Nerds: love the football players

Nerds are terrible people.

Let me explain. Recently I got an email from Honors Program adviser and generally awesome person Maria Lehr about a service opportunity. I was very pleased—I do love to serve—until I saw that we’d be serving the Siloam Springs High School football team.

I cringed. They don’t need service. Football players need an ego check. They need a kick in the pants. They need to be kinder to us nerds.

The same goes for cheerleaders. Snooty pretty nasty girls with no imagination and even less intellect.

None of these people appreciate the uniqueness or intelligence that characterize us nerds.

It was at this point that I followed the oft-repeated advice of famous philosopher O’Shea Jackson and checked myself, before I wrecked myself.

I started thinking about some of the cheerleaders and football players I know. Two members of the newspaper staff are on the University’s cheerleading squad, and some of my best friends—not to mention my little brother—were or are football players. I love all of these people. I can’t imagine my life without them around.

“Well, sure,” I thought, but these people are the exception. Remember high school? The jerks who disrupted class and bullied my friends? Everyone settles down in college, but in high school, there is a definite dichotomy of good and evil, and the nerds were the good guys.

Then I reminded myself that all men are sinners, including and especially me, and who the heck am I to judge anyway? After all, my high school friends and I were far from perfect. Just because we managed to insult people in different ways does not mean we were any less rude to people than certain popular folks.

I started thinking about high school hierarchy in general, how every piece of media portraying high school uses this hierarchy for a plot point. “Mean Girls,” “Breakfast Club,” any dang thing on Disney channel—all of them treat it like a given.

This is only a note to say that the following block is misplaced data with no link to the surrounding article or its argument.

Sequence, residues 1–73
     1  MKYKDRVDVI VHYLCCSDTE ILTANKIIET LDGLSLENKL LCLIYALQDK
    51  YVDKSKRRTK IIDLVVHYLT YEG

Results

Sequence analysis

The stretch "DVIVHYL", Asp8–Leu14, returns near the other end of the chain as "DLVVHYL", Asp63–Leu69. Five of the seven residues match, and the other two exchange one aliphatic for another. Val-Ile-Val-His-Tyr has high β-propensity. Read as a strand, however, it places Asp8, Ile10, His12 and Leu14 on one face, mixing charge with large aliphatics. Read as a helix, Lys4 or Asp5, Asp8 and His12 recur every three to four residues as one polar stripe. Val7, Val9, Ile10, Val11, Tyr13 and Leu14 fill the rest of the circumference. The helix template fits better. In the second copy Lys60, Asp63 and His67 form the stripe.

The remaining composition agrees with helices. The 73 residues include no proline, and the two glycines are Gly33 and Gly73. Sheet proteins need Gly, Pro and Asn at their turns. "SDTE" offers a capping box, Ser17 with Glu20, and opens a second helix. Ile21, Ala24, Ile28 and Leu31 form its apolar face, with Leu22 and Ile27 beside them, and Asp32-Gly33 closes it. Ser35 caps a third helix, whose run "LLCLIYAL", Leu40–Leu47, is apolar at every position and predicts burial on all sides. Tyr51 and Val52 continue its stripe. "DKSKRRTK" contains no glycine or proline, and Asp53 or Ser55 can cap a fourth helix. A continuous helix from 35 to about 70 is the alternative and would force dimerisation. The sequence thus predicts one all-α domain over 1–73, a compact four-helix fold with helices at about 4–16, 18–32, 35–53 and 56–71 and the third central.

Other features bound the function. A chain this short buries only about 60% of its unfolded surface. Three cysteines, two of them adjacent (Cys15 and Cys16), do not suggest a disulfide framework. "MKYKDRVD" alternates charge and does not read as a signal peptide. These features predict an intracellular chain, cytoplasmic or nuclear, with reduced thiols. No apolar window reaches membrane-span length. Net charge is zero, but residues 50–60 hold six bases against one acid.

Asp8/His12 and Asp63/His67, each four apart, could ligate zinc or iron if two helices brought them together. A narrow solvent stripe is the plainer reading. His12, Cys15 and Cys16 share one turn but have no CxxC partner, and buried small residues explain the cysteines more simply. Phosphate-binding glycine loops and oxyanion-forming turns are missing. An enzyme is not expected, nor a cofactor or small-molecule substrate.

And maybe it is. There are always going to be people who think, “At least I’m not as bad as that guy. He’s weird.”

On the other hand, it’s so easy to break down those barriers. To paraphrase my favorite author, if you act like you know what you’re doing, you can get away with anything you want. My brother’s a really great example of this. He’s an honors student, football player, speech and debate team member, drummer for the marching band and drama geek cartoonist. He does what he wants, son.

My point is that high school hierarchy is a product of our culture and can be changed. So this silly feeling of spite I get toward football players is just me being satisfied with victimhood. What, is it cool to be a martyr to the “popular kids” just because I consider myself a nerd? Why do I let myself perpetuate a feeling of hate toward people just because of a made-up social structure?

I’ve noticed this trend a lot among my fellow nerds. We sneer and bring down people who play sports or don’t pursue academics as ferociously as we do, even those of us that are Christians.

That’s not to say that I don’t recognize frequent bullying of my nerd brethren. I don’t want to discount that, but I was never bullied, and neither were most of my friends. And anyway, our real enemy is the one who would separate us from God . . . and is Satan made any happier than when we decide to hate people?

I don’t want to forget to love my brother just because he plays high school football.